Process for making Sal Mirabile, by Mr. Fergus, in Piccadilly, TAKE calcined kelp, any quan- earthen dish, place it over a gentle

1 tiry, powder it in an iron mor. fire, and when hot pour in gradually. tar, put it into an earthen pan well oil of vitriol diluted, (viz. to every glazed, and pour upon it boiling pound of oil of vitriol a pint and a water, in the proportion of a quart half of water) till no effervescence to a pound'; ftir it about for a little arises, and you have gained the exact time, and either filtrate or decant point of saturation : then filtrate the clear liquor from the sediment; through paper, or let it stand to de put the clear liquor into a glazed purate, and decant the clear liquor ;

Ecz eva

evaporate to a pellicle, and set it by than two ounces of oil-vitriol was to crystallize. .

fufficient for the saturation. By the above process I obtained Sal mirabile may be also made. from a pound and a half of kelp, from barilia instead of kelp; but not eight ounces and a half of fal mira- fo cheap. bile ; and found that something less

The HUMOURIST. A Character from the Second Volume of the Works of Wiliam Shenstone, Esq. T o form an estimate of the be otherwise in his company. He

I proportion which one man's quashed the loudest tempeft of laugh. happiness bears to another's, we ter. whenever he entered the room, are to consider the mind that is al-' and men's features, though ever so Jotted him with as much attention much roughened, were sure to grow as the circumstances, It were super- smooth at his approach. fluous to evince, that the same ob The man had nothing vicious, or jects which one despises, are frequent. even ill-natured in his character yet Jy to another the substantial fource he was the dread of all jovial.converof admiration. The man of busi- sation; the young, the gay, found ness and the man of pleasure are to their spirits Ay before bim. Even each other mutually contemptible, the kitten and the puppy, as it were and a blue garter has less charms for by instinct, would forego their frosome than they can discover in a licks, and be still. The depression butterfly, The more candid and he occasioned was like that of a damp, fagę observer condemns neither for or vitiated air. Unconscious of any his pursuits, but for the derision he apparent cause, you found your fpiso profusely lavishes upon the dispo. rits link insensibly : and were any fition of his neighbour. He con- one to fit for the picture of ill luck, cludes, that schemes in nitely vari- it is not possible the painter could ous were at first intended for our selea a more proper person, pursuit and pleasure ; and that some Yet he did not fail to boait of a find their account in heading a cry superior Thare of reason, even for the of hounds, as much as others in the want of that very faculty, rigibility, dignity of lord-chief.justice.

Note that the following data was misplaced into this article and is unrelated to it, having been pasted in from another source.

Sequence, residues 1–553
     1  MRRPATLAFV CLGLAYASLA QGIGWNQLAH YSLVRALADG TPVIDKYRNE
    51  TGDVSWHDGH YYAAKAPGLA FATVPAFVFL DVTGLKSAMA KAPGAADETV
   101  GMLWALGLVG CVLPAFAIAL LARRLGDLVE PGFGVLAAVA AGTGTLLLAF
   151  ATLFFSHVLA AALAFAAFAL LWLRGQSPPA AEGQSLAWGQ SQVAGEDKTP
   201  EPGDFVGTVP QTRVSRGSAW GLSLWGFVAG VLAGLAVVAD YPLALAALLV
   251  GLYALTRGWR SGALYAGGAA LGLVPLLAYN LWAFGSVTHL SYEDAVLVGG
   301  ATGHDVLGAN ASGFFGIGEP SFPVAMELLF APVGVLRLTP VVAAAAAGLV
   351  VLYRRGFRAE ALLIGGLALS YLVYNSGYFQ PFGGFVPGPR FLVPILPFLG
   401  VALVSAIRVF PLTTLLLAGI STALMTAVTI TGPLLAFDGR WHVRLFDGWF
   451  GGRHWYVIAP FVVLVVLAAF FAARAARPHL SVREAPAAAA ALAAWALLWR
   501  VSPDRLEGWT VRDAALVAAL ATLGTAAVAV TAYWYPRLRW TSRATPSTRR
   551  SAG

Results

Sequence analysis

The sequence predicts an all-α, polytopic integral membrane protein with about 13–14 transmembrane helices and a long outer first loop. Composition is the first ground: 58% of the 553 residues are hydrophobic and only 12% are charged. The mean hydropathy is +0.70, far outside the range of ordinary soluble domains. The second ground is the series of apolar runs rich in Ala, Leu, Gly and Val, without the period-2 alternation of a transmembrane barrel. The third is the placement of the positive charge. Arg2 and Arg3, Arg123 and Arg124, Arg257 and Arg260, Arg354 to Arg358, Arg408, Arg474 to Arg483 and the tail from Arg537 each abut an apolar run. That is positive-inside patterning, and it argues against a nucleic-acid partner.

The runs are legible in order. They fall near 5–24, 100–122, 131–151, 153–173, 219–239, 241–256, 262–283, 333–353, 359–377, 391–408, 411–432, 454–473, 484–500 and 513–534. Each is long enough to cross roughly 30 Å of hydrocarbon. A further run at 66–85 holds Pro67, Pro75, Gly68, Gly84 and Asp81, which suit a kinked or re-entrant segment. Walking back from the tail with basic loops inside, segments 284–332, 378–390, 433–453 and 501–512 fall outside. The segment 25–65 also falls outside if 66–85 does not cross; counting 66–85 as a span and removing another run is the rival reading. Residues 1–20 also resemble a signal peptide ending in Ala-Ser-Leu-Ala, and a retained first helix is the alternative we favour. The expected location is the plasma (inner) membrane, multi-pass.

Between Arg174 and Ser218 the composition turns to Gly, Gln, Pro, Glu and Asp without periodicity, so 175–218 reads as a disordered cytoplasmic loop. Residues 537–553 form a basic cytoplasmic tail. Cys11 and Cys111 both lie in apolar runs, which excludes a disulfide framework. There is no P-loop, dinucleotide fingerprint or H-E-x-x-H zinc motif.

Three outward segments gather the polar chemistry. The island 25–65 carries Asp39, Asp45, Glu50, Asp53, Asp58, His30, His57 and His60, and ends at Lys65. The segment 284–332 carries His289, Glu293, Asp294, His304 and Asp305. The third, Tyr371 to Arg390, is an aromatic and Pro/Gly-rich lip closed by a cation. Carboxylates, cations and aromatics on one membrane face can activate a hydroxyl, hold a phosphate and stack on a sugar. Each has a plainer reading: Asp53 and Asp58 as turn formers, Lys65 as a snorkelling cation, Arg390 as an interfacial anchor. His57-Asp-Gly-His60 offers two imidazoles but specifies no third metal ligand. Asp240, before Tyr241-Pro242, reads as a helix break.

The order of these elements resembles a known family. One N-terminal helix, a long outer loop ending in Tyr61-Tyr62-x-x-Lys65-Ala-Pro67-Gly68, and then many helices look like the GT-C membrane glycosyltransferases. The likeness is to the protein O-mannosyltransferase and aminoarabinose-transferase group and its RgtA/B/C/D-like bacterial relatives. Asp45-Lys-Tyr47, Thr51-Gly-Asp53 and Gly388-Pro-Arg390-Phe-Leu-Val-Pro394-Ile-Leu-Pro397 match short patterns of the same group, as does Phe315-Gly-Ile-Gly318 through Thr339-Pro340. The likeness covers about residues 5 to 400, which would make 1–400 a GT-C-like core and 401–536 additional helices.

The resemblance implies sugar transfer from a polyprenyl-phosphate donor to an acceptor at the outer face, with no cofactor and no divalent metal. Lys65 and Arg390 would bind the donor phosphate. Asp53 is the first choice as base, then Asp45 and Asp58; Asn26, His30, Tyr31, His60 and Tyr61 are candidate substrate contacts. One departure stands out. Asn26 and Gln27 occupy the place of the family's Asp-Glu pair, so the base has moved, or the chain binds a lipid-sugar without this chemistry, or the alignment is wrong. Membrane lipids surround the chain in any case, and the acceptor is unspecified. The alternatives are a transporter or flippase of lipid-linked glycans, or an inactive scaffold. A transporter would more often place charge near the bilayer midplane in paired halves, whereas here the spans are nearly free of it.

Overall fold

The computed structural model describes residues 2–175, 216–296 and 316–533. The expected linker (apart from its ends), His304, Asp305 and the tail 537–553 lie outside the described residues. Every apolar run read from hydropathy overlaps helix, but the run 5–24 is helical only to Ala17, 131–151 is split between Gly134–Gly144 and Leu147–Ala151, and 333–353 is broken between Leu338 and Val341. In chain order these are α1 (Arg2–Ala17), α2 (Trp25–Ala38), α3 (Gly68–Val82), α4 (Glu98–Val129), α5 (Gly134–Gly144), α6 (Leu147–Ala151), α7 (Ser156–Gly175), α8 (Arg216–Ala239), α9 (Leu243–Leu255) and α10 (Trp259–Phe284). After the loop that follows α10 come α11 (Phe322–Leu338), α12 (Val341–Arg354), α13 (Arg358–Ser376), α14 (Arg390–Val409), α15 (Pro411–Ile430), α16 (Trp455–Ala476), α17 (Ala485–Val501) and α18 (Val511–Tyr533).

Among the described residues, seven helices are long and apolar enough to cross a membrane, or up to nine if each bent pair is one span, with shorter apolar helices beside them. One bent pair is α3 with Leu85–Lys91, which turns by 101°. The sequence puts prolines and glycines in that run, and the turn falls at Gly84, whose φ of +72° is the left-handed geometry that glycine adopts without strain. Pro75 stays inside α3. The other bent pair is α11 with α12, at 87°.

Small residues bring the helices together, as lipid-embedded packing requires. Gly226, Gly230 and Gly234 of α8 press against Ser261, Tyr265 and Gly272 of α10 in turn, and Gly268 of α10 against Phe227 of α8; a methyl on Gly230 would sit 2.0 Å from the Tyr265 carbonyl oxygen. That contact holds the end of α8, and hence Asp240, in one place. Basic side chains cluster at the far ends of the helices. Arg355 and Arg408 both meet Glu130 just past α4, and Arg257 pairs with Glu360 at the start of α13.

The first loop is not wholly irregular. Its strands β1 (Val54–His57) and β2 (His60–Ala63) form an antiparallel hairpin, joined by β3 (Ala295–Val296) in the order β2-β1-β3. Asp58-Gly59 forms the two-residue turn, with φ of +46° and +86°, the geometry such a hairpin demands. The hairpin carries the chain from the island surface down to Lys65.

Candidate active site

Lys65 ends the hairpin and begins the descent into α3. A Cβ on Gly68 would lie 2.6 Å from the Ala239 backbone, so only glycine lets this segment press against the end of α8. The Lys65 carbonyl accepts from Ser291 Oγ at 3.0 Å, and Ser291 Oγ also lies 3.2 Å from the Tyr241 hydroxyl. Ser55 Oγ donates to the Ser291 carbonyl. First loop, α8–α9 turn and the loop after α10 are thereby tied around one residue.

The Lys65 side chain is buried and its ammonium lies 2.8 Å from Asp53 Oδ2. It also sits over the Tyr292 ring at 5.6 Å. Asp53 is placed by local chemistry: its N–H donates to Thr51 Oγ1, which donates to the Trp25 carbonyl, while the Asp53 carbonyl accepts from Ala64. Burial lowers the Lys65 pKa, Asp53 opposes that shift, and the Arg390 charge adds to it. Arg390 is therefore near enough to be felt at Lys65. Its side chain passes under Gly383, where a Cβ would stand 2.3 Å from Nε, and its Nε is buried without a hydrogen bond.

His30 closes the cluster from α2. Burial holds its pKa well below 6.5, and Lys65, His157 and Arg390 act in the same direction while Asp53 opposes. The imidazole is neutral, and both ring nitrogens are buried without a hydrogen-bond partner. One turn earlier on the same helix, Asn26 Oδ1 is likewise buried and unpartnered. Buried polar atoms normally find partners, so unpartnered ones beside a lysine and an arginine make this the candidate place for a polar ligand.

with which it is supposed to be alHaving premised thus much, I ways joined. proceed to give some account of a lodeed he acquired the character character" which came within the of the most ingenious person of his sphere of my own observation county, from his meditative temper.

Not the entrance of a cathedral, Not that he had ever made any great not the sound of a palling bell, not discovery of his talents; but a few the furs of a magiftrate, nor the sa. oracular declarations, joined with a bles of a funeral were fraught with common opinion, that he was write half the solemnity of face !

ing somewhat for posterity, completa Nay, so wonderfully serious was ed his reputation. . he observed to be on all occasions, Numbers would have willingly flat it was found hardly posible to depreciated his character, had not